Any longtime resident of Southeast Michigan has a story about the Summer of 1967 and the infamous events that escalated to a citywide state of civil disobedience, known alternately as the Detroit Riots and the Detroit Rebellion. This divergence in naming is just one way of underscoring that everyone’s perspectives on causes and conditions of that long, hot week in July of 1967 are different, and that histories and recollections are worth revisiting.
So, when the Detroit Historical Society began working on a community engagement program that would launch with the 50-year anniversary of the civil unrest that occurred that July—Detroit 67: Looking Back to Move Forward—they picked a rather different approach than one usually sees with a history museum.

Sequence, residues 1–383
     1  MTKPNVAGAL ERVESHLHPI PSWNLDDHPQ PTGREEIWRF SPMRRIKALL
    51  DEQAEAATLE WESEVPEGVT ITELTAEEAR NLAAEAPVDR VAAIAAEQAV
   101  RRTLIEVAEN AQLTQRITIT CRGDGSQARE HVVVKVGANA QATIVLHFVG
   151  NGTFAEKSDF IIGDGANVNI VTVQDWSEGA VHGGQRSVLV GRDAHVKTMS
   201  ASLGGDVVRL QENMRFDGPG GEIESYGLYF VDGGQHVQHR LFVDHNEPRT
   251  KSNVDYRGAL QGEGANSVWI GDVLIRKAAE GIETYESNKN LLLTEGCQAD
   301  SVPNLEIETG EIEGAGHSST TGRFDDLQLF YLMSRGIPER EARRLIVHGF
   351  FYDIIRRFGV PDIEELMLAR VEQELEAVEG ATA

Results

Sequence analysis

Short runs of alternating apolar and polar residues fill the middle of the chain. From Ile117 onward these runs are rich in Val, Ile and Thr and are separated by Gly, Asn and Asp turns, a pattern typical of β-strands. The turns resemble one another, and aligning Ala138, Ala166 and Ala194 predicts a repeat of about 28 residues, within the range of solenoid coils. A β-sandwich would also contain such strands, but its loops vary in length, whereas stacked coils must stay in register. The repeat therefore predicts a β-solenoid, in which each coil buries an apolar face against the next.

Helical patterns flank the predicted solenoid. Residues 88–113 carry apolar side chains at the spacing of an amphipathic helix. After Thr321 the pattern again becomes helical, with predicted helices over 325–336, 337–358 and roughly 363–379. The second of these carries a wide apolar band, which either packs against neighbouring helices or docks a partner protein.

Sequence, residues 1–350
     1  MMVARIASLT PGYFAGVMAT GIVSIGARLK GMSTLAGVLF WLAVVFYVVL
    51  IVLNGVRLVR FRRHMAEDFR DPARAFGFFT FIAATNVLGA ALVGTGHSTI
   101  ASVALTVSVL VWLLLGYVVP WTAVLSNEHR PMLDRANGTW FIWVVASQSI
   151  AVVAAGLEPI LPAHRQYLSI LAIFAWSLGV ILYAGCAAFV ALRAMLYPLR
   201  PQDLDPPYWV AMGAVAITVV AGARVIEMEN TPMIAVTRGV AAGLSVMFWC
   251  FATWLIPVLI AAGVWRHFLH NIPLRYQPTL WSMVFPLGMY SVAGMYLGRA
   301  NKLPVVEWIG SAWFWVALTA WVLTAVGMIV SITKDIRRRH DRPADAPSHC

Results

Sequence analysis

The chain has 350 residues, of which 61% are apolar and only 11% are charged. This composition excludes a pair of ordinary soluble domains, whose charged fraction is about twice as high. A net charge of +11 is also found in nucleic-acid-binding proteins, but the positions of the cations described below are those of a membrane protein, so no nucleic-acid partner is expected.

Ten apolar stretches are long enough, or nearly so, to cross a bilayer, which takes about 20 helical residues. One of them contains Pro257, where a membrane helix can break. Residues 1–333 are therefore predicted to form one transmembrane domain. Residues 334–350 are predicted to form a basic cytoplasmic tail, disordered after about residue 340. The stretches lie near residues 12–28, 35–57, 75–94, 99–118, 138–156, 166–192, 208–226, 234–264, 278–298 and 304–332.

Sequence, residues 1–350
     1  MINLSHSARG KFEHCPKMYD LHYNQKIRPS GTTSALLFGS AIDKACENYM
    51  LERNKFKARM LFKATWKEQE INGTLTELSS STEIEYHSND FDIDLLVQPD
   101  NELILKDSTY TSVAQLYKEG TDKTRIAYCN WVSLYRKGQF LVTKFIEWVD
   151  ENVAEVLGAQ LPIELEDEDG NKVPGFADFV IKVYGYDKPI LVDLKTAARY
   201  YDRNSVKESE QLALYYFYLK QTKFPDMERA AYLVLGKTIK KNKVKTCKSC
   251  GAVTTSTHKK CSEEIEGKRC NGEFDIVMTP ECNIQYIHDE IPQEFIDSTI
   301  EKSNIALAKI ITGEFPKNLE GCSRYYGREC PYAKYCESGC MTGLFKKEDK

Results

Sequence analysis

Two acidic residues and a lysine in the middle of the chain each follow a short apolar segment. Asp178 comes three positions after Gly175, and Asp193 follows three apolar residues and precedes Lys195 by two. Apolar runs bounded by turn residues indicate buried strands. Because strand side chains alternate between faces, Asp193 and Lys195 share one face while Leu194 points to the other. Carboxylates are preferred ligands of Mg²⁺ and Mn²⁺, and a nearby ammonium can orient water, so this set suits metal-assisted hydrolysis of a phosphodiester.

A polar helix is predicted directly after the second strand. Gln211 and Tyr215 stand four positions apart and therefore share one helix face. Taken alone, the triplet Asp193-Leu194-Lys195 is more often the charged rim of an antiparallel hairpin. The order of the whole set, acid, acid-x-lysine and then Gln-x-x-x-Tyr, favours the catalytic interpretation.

“We built it in a much different way than we’ve ever built any exhibit before,” said Rebecca Salminen Witt, who began her tenure as Chief Development and Communications Officer for the Detroit Historical Society in January of this year, of the exhibit Perspectives. “Most historical institutions are good at delving deep into history, finding out what the facts tell us, building something around it, and then inviting people to it. Instead, we reached out widely into the community, collecting stories from—at this point—almost 500 people, listened to those stories, and gleaned from it what people remembered most, what was most important to those memories, what was different about those memories—kind of how the multiple perspectives of the events formed how they thought about it. And then we built the exhibit around those ideas.”